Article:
China has no domestic energy sources it can readily and swiftly put to use. It has to import all of its energy except for coal and a small amount of uranium. That's not a recipe for developing an empire. China has no domestic customer base. Its annual per capita nominal GDP is $3,300 vs $47,000 for the US. Its per capita consumption is $1,150 vs $32,900 for the US. Even if it would try, it would take decades to develop a viable domestic customer base.

Meanwhile, its foreign customer base is rapidly shrinking. China has risen over the past decades to where it is today because it could export its industrial output to relatively affluent societies in Europe and North America. These export targets are now dwindling and may well soon practically disappear altogether. The human talent to screw up fantastically in the face of free gifts has led them to implode simply and only due to the fact that not even the power of 800 men is forever satisfactory for one man, we always want more, and it was too tempting to borrow from the future. That's our present credit crisis in a nutshell. And China will dwindle right along with them, left with a hundred thousand factories designed to produce articles its own citizens don't want or need or can't afford.

China's recent rise has been that of a parasite, fully dependent on its hosts for survival while achieving its present state. There are no other hosts in sight, which means its people will be lucky if it would just retreat into hibernation. Alternatively, it may try to expand in the face of a world in general contraction, in which the last remaining weapons of mayhem, provided by a century of super-abundant cheap energy and dreams of a never ending growth of empire and domination, augment the overall chaos and deterioration. 1.3 billion pieces of cannon fodder may well seem too formidable an opportunity to not at least try for dominance. But a force the scale of the 20th century US it will never be, or at least not for a very long time, measured in centuries or even milleniums.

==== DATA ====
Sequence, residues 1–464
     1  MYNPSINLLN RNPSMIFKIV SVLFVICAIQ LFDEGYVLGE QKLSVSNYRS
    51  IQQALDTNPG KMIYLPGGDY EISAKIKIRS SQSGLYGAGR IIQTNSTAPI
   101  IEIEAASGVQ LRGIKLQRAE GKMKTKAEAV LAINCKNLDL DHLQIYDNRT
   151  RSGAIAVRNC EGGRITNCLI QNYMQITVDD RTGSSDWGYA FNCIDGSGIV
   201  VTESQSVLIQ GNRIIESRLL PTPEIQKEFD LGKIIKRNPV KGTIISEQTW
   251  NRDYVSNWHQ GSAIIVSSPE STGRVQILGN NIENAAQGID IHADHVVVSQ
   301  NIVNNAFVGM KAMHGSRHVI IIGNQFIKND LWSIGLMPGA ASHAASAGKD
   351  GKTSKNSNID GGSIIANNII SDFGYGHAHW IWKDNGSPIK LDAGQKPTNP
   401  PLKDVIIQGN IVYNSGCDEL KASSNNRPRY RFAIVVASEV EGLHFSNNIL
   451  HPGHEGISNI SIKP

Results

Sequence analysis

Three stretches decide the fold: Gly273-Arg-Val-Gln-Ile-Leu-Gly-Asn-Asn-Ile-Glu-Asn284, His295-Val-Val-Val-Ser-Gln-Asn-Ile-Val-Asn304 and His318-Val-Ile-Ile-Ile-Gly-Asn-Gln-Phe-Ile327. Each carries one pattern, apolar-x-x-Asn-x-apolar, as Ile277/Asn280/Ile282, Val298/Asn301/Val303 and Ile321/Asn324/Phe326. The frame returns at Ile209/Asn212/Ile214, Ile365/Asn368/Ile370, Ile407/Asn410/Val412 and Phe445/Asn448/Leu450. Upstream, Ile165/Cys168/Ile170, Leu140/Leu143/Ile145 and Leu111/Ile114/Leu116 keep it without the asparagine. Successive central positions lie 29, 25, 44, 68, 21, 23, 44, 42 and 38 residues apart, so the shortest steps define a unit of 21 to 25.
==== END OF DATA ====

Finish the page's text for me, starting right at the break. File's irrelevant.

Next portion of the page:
His/Their two cents. Likely some meaty stuff in the comments. I recall coming across stories about stuff that was beyond Bridges to Nowhere - more like the bridges in the Western Theatre of WWII that were blown up every day and rebuilt at night. Are things like that and Ordos and the New Mall in of themselves symptomatic of a cliff? We in the US had this decade of Real Estate Values Gone Wild, does something like that hold up in comparison?

Dave 'Heading Out' Summers had some posts about what he saw on his visits to the PRC, too.

Stuart Staniford said...

Mmm - "may well soon practically disappear altogether". Fast crash doomer alert. These guys have been predicting the western world would disappear in a puff of smoke for a while now: I didn't buy it a couple of years back, and it looks even less likely now.

aubrey said...

Stewart, While I agree with your general proposition that China is not as leveraged as is the US, your numbers for US debt are not quite correct. The $35 trillion or so you cite is Domestic, non financial private debt only. To that (from the same table) you must add foreign debt of about $2 trillion and Financial Debt of about $16 trillion for a total of about $50+ trillion, giving a Debt/GDP ration of > 300%. I am a little confused about double counting in the area of "financial debt" because I am not exactly certain what"finacial debt" means. However enough economists I trust (eg Rogoff) seem to include this "financial debt" as part of the total US debt, that I feel comfortable using it.